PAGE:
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Press Release

NYCEDC and NYC Parks Department Open East Midtown Greenway and Andrew Haswell Green Park

Dec 19 2023
Rendering of East Midtown Greenway and Phase 2B of Andrew Haswell Green Park

Doubling Down on New York City’s Commitment to Expand Greenways and Green, Open Spaces with a $197.6 Million Investment for a Park, Pedestrian Walkway, Pedestrian Bridge, and Bike Lane

Furthering New York City’s Effort to Complete the Manhattan Waterfront Greenway Loop

NEW YORK, NYToday, the New York City Economic Development Corporation (NYCEDC) and NYC Parks officially opened the East Midtown Greenway and Phase 2B of Andrew Haswell Green Park. Located on a stretch of newly-created open space spanning from East 53rd Street to East 60th street, these two new spaces total almost three acres and represents a $197.6 million investment from the City of New York. East Midtown Greenway, which fills a key gap in the Manhattan Waterfront Greenway, is built over the East River and includes new pedestrian walkway, landscaping, a pedestrian bridge, and separated bike lane. Andrew Haswell Green Phase 2B represents a $42.6 million investment and includes renovations to the East 60th Street ramp, a new lawn and landscaping, lighting, and seating. The completion of both projects is a product of extensive community outreach with representation from Community Boards 6 and 8 and local elected officials. 

The East Midtown Greenway and Andrew Haswell Green Park openings represents a piece of the city’s larger NYC greenway expansion initiative throughout the five boroughs. This fall, Mayor Adams and his administration announced that the RAISE grant will fund implementation plans for five new greenway corridors in the outer boroughs to fill gaps in the existing greenway network and improve cycling and pedestrian access to the city’s waterfronts and parks. The implementation plans collectively represent 60 miles of new and improved greenways. The city will begin outreach in early 2024 for the first implementation plan, the 16-mile Queens Waterfront Greenway, connecting Gantry Plaza State Park to Little Bay Park. These implementation plans build upon DOT’s planning process to develop the Harlem River Greenway in the Bronx, announced by the Adams’ administration earlier this year.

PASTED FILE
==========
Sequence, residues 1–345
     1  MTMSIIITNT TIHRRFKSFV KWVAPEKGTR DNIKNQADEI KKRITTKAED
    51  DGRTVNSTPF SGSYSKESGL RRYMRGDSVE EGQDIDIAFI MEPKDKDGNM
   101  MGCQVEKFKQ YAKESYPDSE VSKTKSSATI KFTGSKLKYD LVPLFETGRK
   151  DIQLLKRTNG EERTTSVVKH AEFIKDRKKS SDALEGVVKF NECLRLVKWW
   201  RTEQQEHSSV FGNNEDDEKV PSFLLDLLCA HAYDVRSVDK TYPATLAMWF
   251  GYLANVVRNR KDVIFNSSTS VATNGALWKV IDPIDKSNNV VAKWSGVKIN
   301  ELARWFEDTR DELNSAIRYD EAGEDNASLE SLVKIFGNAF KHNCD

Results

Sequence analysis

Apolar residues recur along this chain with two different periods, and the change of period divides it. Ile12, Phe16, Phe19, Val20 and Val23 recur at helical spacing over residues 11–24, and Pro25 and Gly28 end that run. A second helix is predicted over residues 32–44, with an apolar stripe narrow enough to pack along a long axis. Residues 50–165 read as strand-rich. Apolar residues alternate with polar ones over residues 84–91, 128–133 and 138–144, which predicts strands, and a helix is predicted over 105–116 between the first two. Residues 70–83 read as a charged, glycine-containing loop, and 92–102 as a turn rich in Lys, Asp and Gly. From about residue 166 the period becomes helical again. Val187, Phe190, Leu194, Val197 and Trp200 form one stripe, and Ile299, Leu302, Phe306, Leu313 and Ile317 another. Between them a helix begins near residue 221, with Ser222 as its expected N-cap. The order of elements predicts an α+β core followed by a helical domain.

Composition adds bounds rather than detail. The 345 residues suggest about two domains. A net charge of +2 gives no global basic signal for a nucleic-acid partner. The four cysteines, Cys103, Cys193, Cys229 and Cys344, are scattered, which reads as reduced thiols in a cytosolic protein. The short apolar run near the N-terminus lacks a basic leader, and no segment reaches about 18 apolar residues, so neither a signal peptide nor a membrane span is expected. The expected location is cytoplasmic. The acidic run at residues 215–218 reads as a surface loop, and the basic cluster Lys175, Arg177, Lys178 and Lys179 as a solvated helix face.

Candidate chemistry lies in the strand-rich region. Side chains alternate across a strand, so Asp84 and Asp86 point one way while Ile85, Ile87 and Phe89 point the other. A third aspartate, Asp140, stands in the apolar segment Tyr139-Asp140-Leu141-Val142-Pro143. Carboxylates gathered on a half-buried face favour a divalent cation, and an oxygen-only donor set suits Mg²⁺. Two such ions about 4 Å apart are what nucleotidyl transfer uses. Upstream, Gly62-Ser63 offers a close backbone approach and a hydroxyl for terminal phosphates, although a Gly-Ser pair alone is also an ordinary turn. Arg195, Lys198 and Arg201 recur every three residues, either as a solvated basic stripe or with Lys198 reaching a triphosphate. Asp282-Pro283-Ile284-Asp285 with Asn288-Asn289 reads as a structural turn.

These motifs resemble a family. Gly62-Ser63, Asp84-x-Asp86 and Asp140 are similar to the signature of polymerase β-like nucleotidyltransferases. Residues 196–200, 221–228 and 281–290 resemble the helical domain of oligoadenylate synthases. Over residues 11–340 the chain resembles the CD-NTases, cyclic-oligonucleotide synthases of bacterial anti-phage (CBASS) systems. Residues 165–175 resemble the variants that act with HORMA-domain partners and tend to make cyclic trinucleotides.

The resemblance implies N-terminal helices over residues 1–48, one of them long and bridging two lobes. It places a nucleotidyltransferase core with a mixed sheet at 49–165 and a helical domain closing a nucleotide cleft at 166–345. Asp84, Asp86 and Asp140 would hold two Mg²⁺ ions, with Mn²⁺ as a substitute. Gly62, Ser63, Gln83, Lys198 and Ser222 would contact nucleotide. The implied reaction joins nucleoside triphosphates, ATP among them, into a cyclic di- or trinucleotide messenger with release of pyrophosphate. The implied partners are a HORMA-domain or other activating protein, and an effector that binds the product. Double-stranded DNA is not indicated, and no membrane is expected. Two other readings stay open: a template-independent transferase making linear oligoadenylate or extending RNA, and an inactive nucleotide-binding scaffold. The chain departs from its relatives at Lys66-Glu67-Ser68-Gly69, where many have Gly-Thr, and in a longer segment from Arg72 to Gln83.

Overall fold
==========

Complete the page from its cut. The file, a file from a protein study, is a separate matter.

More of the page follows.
East Midtown Greenway was an interagency effort led by NYCEDC, NYC Parks, New York City Department of Transportation (NYC DOT), and New York State Department of Transportation (NYS DOT) that began in 2008. The greenway includes a 20 feet wide bikeway and a 20 feet wide pedestrian zone with a walkway, planting area, pedestrian bridge at East 54th Street, and public art component created by artist Stacy Levy, called Diatom Lace. It also completes a key gap in the Manhattan Waterfront Greenway, which, when completed, will be a continuous 32.5-mile loop around Manhattan that will connect a network of green spaces totaling more than 1,000 acres. 

“In Manhattan, green space is at a premium; if we have to get creative and add to the island to deliver it, that's what we'll do!”  said Deputy Mayor of Operations Meera Joshi. “A crucial component of our broader Manhattan Waterfront Greenway, which piece by piece is delivering a 32.5 mile loop around Manhattan, the Midtown East Greenway and Andrew Haswell Park will welcome more New Yorkers than ever to bike, run and walk with the sun in their faces-- and further develop our city's work-play waterfront. These are the kinds of projects we need more of, and I congratulate EDC and the Parks Department for getting it done for New York.” 

“I am excited to celebrate the opening of Andrew Haswell Green Park and the completion of another section of the East Midtown Greenway,” said Deputy Mayor of Housing, Economic Development and Workforce Maria Torres-Springer. “This project demonstrates effective cross-agency collaboration and offers an example of how improved public space and easy-to-access greenways are some of the best forms of economic development that help to unlock the full potential of New York City's waterfront.” 

“The opening of the East Midtown Greenway and Andrew Haswell Green Park represent another major step forward by the Adams Administration to finish the long-envisioned Manhattan Greenway,”  said NYCEDC President & CEO Andrew Kimball. “These remarkable capital projects will not only improve quality of life for New Yorkers but expand opportunities to commute by bike or foot while enjoying spectacular views on the East River.  NYCEDC is thrilled to be a part of this project with our colleagues at the Parks Department, which furthers our commitment of making New York City a great place to live, work, and play.”